chevron-down Created with Sketch Beta.
March 03, 2021 HUMAN RIGHTS

The Next Four Years: How Will Health Care Coverage Change?

by Jane Perkins and Leonardo Cuello

When he ran for office in 2016, Donald Trump promised he would cover “everybody,” replace Obamacare with “something terrific,” and that he would not cut Medicaid. However, President Trump’s Obamacare replacement never materialized, while his repeal efforts proposed nearly a trillion dollars in Medicaid cuts. Despite his pledge to extend coverage to everyone, the number of uninsured adults went up (even before COVID-19), and, most shockingly, after falling for 10 consecutive years to a historic low in 2016, the uninsured rate for children increased each year between 2017 and 2020.

During the 2020 election campaign, voters repeatedly identified health care as a topic most important for the next administration to address. Candidate Joe Biden drew a sharp contrast to President Trump on health care and won the 2020 election. So, what can we expect over the next four years? Below, we identify four health care issues that demand attention: controlling the COVID-19 pandemic, protecting Obamacare (also known as the Affordable Care Act and ACA), resuming the path toward expanded health care coverage, and addressing health inequity.

During the 2020 election campaign, voters repeatedly identified health care as a topic most important for the next administration to address.

During the 2020 election campaign, voters repeatedly identified health care as a topic most important for the next administration to address.


Controlling the COVID-19 Pandemic: A Must-Do for the NEW Administration

The Biden administration took power in the middle of a pandemic, and controlling the public health emergency will be its first and most pressing health and economic priority. We expect the new administration to announce and implement what has been lacking thus far: a coordinated and clinically informed national strategy to address the pandemic.

Such a strategy will be much broader than health care, but leveraging existing health care programs like Medicaid and Medicare will be a critical part of the solution. These two programs cover large numbers of individuals who face a heightened risk of COVID-19 infection and illness, including older adults (many of whom are in nursing homes); people with disabilities; people with chronic health conditions; and Black, Indigenous, and people of color (BIPOC). Bolstering Medicaid and Medicare will facilitate COVID-19 testing, treatment, and vaccination, as well as treatment of other health conditions that have been exacerbated by the crisis, such as depression and substance use disorders.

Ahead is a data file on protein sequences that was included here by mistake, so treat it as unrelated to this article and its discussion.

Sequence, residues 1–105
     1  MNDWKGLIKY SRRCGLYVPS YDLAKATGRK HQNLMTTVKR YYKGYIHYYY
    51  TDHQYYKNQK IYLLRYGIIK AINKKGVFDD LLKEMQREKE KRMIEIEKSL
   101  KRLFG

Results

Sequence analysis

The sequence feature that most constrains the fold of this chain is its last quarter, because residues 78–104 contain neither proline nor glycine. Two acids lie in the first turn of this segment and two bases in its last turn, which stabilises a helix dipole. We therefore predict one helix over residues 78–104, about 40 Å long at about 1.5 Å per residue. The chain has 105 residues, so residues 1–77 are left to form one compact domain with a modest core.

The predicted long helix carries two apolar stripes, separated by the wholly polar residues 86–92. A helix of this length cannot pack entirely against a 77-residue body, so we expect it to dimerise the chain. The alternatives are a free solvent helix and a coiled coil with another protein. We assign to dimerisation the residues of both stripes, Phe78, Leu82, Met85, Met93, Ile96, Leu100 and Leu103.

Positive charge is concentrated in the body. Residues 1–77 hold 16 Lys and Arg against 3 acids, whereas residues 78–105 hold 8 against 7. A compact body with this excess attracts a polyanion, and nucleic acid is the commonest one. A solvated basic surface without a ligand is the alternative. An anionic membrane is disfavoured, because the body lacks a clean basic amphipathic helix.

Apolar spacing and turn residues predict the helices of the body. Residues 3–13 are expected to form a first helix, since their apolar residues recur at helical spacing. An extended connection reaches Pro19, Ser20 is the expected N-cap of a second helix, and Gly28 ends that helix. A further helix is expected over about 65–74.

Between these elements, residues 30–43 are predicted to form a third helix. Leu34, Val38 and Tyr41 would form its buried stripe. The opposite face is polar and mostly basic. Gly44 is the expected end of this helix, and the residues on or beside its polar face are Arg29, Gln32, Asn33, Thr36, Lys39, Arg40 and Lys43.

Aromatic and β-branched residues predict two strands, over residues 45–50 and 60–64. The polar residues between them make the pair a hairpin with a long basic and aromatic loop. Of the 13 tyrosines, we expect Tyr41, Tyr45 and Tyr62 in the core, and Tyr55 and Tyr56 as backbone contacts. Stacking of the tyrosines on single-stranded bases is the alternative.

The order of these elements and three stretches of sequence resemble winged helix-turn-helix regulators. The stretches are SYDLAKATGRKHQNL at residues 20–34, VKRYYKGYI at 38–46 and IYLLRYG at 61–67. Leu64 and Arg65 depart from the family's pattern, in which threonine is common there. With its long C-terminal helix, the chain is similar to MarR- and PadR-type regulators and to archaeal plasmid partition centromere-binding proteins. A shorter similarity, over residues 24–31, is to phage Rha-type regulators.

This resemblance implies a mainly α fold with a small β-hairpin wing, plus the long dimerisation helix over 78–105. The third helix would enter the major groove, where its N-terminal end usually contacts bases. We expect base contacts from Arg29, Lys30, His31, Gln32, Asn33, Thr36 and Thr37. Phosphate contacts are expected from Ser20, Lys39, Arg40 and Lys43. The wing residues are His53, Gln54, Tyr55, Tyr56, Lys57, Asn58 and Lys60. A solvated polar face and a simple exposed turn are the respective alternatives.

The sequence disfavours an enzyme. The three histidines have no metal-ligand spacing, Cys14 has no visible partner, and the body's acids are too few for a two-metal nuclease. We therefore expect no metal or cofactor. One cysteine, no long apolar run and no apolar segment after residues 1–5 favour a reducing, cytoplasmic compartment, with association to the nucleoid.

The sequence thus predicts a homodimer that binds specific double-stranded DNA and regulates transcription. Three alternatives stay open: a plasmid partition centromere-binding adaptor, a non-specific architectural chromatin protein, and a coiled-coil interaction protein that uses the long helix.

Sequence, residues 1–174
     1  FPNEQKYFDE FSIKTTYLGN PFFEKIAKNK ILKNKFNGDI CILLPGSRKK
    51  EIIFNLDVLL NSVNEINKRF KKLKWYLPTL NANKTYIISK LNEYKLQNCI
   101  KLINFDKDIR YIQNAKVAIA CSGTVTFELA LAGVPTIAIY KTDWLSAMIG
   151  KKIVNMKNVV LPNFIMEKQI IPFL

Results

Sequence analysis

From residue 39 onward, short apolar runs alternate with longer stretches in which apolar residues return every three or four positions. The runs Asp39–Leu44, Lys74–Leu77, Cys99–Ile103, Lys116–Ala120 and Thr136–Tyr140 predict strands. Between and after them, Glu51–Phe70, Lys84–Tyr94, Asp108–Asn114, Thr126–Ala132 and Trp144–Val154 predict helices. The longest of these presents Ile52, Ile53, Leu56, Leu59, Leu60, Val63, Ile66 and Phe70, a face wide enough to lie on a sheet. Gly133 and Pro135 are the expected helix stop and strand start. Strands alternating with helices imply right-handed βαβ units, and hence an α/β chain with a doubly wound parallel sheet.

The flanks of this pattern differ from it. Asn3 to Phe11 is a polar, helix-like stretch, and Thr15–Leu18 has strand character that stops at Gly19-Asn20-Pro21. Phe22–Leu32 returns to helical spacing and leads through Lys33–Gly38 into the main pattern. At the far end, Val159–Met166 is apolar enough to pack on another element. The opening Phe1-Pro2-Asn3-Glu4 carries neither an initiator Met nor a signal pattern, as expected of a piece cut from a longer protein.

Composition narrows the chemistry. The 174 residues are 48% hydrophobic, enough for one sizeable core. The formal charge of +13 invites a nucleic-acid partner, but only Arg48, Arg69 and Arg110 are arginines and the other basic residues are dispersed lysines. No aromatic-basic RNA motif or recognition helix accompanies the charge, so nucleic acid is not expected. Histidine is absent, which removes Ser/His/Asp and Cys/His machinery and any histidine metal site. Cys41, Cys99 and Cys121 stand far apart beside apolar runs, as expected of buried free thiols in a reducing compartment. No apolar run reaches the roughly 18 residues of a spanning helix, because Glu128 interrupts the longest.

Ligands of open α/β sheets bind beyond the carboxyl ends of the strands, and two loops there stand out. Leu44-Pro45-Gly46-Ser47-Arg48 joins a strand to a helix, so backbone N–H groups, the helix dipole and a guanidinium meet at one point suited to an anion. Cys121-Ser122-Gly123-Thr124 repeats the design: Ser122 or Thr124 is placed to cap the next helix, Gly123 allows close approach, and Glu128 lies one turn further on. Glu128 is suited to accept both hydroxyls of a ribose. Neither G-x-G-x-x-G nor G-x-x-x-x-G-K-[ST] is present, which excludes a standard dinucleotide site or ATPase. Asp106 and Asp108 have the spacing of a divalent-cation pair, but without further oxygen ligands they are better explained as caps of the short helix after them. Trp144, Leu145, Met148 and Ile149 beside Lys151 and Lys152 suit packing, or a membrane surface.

At the same time, the Biden administration will seek to leverage more federal financial support for states that are struggling to finance their Medicaid programs amid the economic impact of COVID-19. The administration will need to find a way to reduce the financial strain on states while also protecting consumers and providers from harmful state cuts.

As we come out of the worst of the COVID-19 crisis, we expect the Biden administration to act on the lessons learned and pursue policies such as improving telehealth capacity, reducing barriers to care (such as work requirements and premiums), and implementing policies that promote continuity of coverage. In Medicaid, for example, states have been temporarily prohibited from terminating eligibility and benefits of enrollees during the public health emergency. The administration will need to develop protections to ensure that states do not rush to terminate coverage for millions of people the day after the emergency ends.

Protecting the Affordable Care Act: Health Coverage at Risk

President Biden walked into the Oval Office with a couple of potentially huge Obamacare problems. The Supreme Court is set to decide California v. Texas, concerning the ACA’s requirement that individuals have minimum health insurance coverage or pay a tax penalty (Texas v. U.S., 945 F.3d 355 (5th Cir. 2020), cert. granted sub nom. California v. Texas, 140 S. Ct. 1262 (2020)). In 2017, Congress reduced the penalty to zero while leaving the remainder of the ACA intact. Texas and some other states filed a lawsuit arguing that Congress’s action made the insurance mandate unconstitutional and that, as a result, the entire ACA is illegal. Questions from the justices during the November 2020 oral argument suggest that, if Texas has standing and the mandate is found unconstitutional, the remainder of the ACA will survive—an outcome that would be consistent with the chief justice’s recent admonition that courts should “use a scalpel rather than a bulldozer” when addressing statutory defects (Seila Law v. Consumer Financial Protection Bureau, 140 S. Ct. 2183, 2210-11 (2020)). The Biden administration would certainly support that outcome. If, on the other hand, the ACA falls, then the administration and Congress will need to find a way to undo the harm—which, among other things, could leave 20 million people uninsured.

Assuming that Obamacare survives, it will be important to reestablish, stabilize, and improve the ACA marketplaces—insurance hubs that make health insurance available nationwide. This includes improving marketplace eligibility, outreach to and protections for individuals using the marketplace (e.g., banning subpar plans that have sprung up in recent years), and making sure that insurance plans are affordable (e.g., shoring up premium tax credits).